In late 1996, Sands went to see Chip Taylor perform at a club gig and he invited her onstage to perform with him. Despite not having kept actively in touch through the previous years, the experience was so successful that the two re-ignited their collaboration - along with Al Gorgoni, resulting in the critically acclaimed Women In Prison LP, which was released in 1999 (and again in 2000) on Taylor's Train Wreck records. A more rootsy project than the blue-eyed soul of her late 1960s-70s output, the album consisted of various Sands-Taylor-Gorgoni originals, including a duet with Lucinda Williams on the track "Cool Blues Story". Several tracks fared well on UK/Euro indie charts. After the reconnection with Taylor, Sands returned to performing in 1998. Sands and Taylor did some shows in the UK and Europe when the album was released, including London, Glasgow, Brussels and several dates in Holland.
Evie's earlier albums have recently been made available on CD. Suspended Animation, Any Way That You Want Me, and Estate of Mind were first reissued in Japan in 2001 and 2003. Any Way... and Estate... were reissued again in September 2005 and June 2006 respectively, on the Cherry Red sublabel Rev-Ola in the United Kingdom. Evie can currently be found performing her own solo material as well as performing as the lead guitar player in eclectic Los Angeles based group, Adam Marsland's Chaos Band. Her most recent recorded appearance is on that band's 2007 live CD Long Promised Road: Songs of Dennis and Carl Wilson, on which she sings several lead vocals, including the first-ever released recording of Dennis Wilson's "Wouldn't It Be Nice to Live Again." She also did extensive vocal and guitar work on Marsland's 2009 double CD Go West, including lead vocals on one track.
Artists who have recorded versions of Evie Sands' songs include Barbra Streisand, Gladys Knight, Karen Carpenter, Arthur Prysock, Juice Newton, Linda Ronstadt, and Dusty Springfield, who went on record citing Sands as "my favourite female singer" and in fact recorded backing vocals on "Lady of the Night", a cut from Sands' Suspended Animation LP. She also has a popular following, and huge respect, amongst Northern Soul fans. Similarly to Springfield, who underwent a British-led return to popularity in the late-1980s, Sands saw a burgeoning cult following build around her when a new wave of pre-grunge British indie bands sang her praises and recorded her songs. Amongst these were Teenage Fanclub, BMX Bandits, and Spiritualized, whose first single was a version of "Any Way That You Want Me". Later on, Belle and Sebastian also declared themselves fans, performing with Evie on her first trip to Europe, whilst she was promoting the Women In Prison album.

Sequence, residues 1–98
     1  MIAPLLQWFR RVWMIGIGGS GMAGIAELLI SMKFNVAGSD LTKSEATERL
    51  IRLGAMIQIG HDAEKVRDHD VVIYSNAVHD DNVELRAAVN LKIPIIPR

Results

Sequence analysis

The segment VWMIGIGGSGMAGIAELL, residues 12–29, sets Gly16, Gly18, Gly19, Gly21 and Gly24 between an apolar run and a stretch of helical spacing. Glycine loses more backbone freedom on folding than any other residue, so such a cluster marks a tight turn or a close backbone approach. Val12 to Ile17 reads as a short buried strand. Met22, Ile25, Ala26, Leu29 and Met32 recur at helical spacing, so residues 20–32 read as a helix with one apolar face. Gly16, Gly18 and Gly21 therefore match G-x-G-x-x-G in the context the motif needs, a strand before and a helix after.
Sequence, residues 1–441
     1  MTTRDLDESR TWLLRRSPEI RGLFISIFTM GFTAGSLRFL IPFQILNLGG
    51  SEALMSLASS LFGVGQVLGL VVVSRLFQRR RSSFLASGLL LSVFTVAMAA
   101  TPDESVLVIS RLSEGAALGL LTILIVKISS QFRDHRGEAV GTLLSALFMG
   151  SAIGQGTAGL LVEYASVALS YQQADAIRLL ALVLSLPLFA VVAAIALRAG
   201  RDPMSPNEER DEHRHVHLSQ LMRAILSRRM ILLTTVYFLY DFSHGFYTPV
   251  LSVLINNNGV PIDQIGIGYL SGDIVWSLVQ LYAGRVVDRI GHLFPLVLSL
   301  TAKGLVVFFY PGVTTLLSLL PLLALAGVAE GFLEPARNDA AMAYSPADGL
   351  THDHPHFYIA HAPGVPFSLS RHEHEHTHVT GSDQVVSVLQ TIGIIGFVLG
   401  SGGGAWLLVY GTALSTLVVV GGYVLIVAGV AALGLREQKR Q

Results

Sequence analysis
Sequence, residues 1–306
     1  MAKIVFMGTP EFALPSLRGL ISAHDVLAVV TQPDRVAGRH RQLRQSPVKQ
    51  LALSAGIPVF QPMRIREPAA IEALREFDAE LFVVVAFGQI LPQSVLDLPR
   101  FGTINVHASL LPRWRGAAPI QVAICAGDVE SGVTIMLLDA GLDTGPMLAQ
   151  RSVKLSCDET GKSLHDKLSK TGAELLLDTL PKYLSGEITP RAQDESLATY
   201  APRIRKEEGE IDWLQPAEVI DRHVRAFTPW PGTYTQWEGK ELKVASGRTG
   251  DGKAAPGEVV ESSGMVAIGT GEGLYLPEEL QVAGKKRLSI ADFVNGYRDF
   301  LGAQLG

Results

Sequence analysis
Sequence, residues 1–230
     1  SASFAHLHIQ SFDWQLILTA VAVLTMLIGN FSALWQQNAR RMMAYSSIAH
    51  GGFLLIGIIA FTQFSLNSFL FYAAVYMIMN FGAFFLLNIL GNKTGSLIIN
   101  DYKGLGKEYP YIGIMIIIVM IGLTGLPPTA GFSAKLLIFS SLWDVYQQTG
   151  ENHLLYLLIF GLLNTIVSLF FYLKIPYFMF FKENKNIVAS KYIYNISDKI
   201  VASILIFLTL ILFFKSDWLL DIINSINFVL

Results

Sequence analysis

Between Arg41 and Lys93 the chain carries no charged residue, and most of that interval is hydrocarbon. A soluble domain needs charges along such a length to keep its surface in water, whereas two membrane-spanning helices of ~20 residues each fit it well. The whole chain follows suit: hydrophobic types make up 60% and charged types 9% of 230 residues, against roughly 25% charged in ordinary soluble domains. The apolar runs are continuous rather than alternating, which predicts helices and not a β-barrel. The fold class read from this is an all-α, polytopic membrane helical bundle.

Some of Sands' songs have become hit singles in their cover versions, most notably "I Can't Let Go" (The Hollies in 1966 and Linda Ronstadt in 1980) and "Angel of the Morning" (Merrilee Rush in 1968 and Juice Newton in 1981).
Karen Carpenter recorded a version of "I Love Makin' Love to You" in 1980 with producer Phil Ramone intended for her solo debut album; however, the song did not make the final cut for the album (perhaps due to the song's suggestive lyrics), and the album was not released until well after Carpenter's death. In the Karen Carpenter biography Little Girl Blue by Randy L. Schmidt, Evie Sands is quoted as saying she liked Carpenter's version: "When I heard Karen was going to cover it, I imagined her take on it would be similar to mine or closer to the mellow Barbra Streisand version. It turned out to be a perfect blend of both." (Little Girl Blue, p. 203) The track has since surfaced on the Internet and can be downloaded on YouTube, though it still has yet to be released on an album.
In more recent years, Peter Kember, aka Sonic Boom, from the band Spacemen 3, from whose ashes rose Jason Pierce's Spiritualized, also included Sands' original of "I Can't Let Go" on the Spacelines album, which compiled a varied selection of his favourite songs and influences. He even admits to lifting the middle eight of the song for his own "How You Satisfy Me" for his Spectrum project. Both Beck and Beth Orton have covered Sands' "It's This I Am I Find".
The Curse of Evie Sands, indeed......pity.....if you've never heard her, you should.....really.
And, on that note...........Ms. Evie Sands. Enjoy! :)
A Woman's Work Is Never Done
Angel Of The Morning
Any Way That You Want Me
But You Know I Love You
Carolina In My Mind
Close Your Eyes, Cross Your Fingers
I Can't Let Go
I Love Makin' Love To You
I Was Moved
I'll Hold Out My Hand
I'll Never Be Alone Again
It Makes Me Laugh
It's this I am
Keep my lovelight burning
Lady of the Night
Love In The Afternoon
One Fine Summer Morning
One Thing On My Mind
Picture Me Gone
Run Home to Your Mama
Shadow Of The Evening
Take It or Leave It
Take Me For A Little While (version 1) 1965
Take Me For A Little While 1969
Until It's Time For You To Go
Yesterday Cant Hurt Me
You Can Do It
You've Got Me Uptight
Dig the ubiquitous Blossoms with Darlene Love on back up vox!! :)